In the UK, many loving and capable parents are forcibly separated from their children as a result of deportation. The separation is often permanent and the damage caused to the children left behind is severe and enduring. 

This report documents the harm caused to children by forced separation from a parent. It provides a detailed overview of recent academic insights and discussions and explores the effects of forced family separation in two different contexts – incarceration and deportation.

Key findings from the research:

Imprisonment:

Imprisonment has far-reaching adverse consequences on the families and wider communities connected to prisoners. Outcomes for children of incarcerated parents are far worse than for other children: 

  • Children of incarcerated parents are more likely to have Adverse Childhood Experiences, are at significantly higher risk of mental health problems; 
  • Such children are more likely to suffer from nightmares, anxiety, and bedwetting. 
  • The effects of parental incarceration endure for considerable periods and are associated with a higher likelihood of offending, drug abuse, school failure and unemployment. 

Deportation:

We found mounting empirical research that has begun to document the short- and long-term effects of detention and deportation on children and families. 

  • Physical separation in the case of deportation disrupts the essential secure base of a child, thereby risking internalizing symptoms (depression, anxiety) and externalizing behaviours (withdrawal, aggression). 
  • Deportation leads to the abrupt loss of a familiar home environment and family structure. It can lead to family dissolution. 
  • Deportation is also associated with a loss of income, and numerous US studies show how this can lead to housing insecurity, food insecurity, psychological distress, and falling from low income into poverty. 
  • The experience of deportation produces increased emotional and behavioural distress among children and places children at risk of developing a range of disorders, such as sleeping disorders, depression, anxiety and post-traumatic stress disorder.
  • The emotional effects are often compounded by successive traumatic experiences such as immigration raids and parental detention.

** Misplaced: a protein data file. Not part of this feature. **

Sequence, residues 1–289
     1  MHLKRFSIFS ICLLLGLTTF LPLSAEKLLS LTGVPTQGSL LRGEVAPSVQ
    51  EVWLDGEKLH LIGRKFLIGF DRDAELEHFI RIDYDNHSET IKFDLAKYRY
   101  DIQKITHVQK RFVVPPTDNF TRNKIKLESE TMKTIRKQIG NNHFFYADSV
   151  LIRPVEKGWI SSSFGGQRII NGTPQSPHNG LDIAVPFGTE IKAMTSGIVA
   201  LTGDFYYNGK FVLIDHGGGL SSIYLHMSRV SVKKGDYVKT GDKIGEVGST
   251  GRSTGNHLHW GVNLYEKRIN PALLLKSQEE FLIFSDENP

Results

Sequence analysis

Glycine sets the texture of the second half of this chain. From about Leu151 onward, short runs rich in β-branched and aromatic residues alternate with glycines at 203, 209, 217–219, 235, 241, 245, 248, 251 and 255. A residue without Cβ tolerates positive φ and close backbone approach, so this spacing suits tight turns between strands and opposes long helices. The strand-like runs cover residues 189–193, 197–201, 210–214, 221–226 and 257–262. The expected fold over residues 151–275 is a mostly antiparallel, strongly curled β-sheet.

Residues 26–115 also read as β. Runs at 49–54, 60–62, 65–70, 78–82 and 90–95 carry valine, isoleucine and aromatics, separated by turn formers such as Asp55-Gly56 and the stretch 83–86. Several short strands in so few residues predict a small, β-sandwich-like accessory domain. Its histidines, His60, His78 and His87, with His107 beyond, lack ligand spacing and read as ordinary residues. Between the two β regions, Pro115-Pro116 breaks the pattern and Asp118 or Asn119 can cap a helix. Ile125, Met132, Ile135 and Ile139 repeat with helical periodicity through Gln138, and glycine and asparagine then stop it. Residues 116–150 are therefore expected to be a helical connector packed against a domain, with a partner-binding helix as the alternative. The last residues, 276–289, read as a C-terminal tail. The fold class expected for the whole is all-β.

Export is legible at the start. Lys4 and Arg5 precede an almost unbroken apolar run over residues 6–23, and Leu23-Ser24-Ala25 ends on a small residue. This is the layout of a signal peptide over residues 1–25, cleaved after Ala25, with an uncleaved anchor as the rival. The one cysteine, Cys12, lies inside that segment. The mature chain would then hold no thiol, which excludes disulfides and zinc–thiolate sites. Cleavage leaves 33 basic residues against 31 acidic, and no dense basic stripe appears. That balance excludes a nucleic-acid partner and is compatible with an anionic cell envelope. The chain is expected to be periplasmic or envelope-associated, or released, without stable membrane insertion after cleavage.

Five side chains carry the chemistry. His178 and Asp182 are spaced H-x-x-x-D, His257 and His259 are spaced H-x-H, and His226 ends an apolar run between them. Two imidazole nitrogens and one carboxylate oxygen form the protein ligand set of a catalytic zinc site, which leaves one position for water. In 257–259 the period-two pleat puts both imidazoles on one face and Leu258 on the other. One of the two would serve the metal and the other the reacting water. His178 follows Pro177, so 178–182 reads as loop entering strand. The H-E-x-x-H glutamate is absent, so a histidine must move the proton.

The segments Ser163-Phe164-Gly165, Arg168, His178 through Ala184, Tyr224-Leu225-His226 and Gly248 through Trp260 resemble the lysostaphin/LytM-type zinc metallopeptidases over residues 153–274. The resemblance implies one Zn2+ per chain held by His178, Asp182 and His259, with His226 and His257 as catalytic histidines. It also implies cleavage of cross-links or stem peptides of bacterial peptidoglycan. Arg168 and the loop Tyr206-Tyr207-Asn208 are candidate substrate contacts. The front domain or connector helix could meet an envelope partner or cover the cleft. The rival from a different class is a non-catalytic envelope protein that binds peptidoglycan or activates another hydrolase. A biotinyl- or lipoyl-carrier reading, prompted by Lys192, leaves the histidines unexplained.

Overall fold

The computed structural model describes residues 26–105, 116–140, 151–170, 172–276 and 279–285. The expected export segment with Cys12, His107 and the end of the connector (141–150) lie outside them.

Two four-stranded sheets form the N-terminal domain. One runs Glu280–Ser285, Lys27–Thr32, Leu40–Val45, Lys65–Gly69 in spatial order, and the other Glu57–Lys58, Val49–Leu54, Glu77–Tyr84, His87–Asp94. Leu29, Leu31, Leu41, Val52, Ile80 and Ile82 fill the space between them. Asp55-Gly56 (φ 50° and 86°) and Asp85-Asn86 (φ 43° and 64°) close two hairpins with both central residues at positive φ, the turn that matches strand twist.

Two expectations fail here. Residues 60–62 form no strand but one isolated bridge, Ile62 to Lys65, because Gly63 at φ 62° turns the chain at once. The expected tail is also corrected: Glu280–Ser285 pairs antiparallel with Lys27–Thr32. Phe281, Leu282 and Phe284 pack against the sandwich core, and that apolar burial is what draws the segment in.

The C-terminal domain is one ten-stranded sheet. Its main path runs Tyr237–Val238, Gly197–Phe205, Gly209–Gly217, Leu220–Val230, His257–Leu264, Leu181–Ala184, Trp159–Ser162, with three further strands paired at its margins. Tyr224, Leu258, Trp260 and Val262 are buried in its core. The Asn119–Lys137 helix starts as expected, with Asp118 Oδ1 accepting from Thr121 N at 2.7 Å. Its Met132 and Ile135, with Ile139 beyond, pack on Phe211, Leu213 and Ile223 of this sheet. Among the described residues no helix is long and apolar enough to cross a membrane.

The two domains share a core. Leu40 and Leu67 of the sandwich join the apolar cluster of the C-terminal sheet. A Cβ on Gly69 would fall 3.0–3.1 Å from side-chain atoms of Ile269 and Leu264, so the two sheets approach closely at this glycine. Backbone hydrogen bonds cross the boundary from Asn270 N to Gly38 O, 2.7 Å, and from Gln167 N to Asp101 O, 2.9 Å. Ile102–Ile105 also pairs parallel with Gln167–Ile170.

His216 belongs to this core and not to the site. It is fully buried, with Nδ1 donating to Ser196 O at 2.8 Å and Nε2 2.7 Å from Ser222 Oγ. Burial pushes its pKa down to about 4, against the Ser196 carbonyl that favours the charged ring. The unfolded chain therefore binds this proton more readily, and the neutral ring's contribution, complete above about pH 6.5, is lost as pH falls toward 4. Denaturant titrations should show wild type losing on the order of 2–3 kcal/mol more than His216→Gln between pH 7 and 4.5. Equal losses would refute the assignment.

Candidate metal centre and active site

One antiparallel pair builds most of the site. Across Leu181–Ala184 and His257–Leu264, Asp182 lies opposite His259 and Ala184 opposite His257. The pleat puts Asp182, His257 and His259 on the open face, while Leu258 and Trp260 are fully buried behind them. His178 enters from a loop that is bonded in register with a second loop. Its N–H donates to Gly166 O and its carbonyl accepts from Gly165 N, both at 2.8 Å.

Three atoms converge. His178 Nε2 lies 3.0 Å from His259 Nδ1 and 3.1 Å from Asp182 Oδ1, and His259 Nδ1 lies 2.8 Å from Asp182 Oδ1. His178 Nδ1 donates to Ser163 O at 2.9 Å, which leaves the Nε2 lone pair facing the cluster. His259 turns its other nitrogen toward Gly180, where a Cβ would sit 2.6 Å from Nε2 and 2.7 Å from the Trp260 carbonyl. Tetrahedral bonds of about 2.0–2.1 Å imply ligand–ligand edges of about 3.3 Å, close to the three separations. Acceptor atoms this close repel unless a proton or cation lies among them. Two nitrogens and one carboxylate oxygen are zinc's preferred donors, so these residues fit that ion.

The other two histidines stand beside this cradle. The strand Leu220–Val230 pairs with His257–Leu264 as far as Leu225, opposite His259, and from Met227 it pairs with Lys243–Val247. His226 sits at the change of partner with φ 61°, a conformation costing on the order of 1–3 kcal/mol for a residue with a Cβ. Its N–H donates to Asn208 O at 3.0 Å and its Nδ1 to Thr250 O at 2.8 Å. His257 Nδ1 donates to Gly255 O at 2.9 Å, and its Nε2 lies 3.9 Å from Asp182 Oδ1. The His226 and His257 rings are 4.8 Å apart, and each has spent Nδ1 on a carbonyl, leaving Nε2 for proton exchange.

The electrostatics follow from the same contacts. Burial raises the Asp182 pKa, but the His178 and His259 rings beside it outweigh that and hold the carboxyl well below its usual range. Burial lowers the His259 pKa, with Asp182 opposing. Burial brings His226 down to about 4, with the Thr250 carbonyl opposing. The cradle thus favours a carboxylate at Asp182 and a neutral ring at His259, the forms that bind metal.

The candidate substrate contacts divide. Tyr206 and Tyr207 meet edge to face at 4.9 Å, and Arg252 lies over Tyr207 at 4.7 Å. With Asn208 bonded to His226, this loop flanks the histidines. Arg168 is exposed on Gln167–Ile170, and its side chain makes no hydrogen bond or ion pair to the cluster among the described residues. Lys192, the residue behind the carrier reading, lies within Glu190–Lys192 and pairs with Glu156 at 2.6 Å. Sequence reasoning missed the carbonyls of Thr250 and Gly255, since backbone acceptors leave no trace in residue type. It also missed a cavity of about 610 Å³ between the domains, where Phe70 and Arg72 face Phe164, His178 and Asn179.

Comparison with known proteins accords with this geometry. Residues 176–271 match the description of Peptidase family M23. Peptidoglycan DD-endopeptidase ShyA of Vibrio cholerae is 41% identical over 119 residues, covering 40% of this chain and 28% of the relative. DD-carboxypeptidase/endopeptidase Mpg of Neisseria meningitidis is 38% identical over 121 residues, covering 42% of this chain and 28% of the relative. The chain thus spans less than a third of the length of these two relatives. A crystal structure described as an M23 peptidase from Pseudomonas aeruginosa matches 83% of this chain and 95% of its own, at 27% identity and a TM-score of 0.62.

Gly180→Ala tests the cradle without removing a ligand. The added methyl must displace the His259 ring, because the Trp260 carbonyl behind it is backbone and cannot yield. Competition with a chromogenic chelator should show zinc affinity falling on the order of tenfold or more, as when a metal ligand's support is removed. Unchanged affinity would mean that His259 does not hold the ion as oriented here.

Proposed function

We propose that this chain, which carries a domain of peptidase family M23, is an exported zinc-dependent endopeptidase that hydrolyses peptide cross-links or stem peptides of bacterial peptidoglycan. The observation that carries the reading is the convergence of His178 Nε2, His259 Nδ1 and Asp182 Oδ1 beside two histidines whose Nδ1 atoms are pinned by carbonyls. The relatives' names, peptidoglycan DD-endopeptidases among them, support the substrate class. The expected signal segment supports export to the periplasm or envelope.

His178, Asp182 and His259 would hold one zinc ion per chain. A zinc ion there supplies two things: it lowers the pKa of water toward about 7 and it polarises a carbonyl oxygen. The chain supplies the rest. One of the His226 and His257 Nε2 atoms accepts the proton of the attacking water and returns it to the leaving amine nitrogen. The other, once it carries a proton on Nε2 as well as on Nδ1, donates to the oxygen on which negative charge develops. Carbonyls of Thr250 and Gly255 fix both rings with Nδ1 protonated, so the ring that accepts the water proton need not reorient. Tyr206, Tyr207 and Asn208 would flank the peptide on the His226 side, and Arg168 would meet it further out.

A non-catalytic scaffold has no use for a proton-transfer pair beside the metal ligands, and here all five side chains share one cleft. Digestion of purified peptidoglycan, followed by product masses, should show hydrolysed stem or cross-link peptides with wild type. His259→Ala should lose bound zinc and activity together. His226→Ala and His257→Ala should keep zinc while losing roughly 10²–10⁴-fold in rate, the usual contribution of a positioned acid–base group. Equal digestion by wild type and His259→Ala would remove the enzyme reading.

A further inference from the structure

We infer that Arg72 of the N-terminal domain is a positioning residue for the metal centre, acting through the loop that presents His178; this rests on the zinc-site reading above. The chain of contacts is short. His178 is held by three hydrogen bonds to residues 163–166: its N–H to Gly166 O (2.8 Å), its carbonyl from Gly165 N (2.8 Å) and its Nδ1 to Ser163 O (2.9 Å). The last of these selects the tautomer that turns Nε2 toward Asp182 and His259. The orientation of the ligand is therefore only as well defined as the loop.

The research confirms what we already know – that enforced parental separation has a lasting damaging impact on children.  Despite this, every year in the UK, hundreds or possibly thousands of parents are separated – often permanently – from their children as a result of deportation.  Shockingly, we don’t know the true figure because it is not monitored by government. Alongside the research, BID has produced a guide to help unrepresented individuals appeal against their deportation on the grounds of family life.

We hope people facing the uphill struggle of mounting a deportation appeal without a lawyer will be able to make use of the research to demonstrate to the court the impact their deportation will have upon their child. This is no substitute for expert evidence in a particular case but it may be useful, given that resources and legislation are firmly on the side of the Home Office, particularly where the appellant is unrepresented. 

Celia Clarke, BID director, said: “Our research demonstrates the incredibly severe and entirely predictable harm that is done to a child when they are forcibly separated from a parent, something that the UK does routinely through its deportation regime. It is no exaggeration to say that deportation law is racist and enables cruelty to children. This is a national scandal that will continue to unfold until major legislative changes are introduced.”

Read the report

Read the guide for using this evidence in your case

Categories: Families and Children
Bail for Immigration Detainees (BID) is a registered Charity No. 1077187. Registered in England as a Limited Company No. 03803669. Accredited by the Office of the Immigration Services Commissioner Ref. No. N200100147. We are a member of the Fundraising Regulator, committed to best practice in fundraising and follow the standards for fundraising as set out in the Code of Fundraising Practice.
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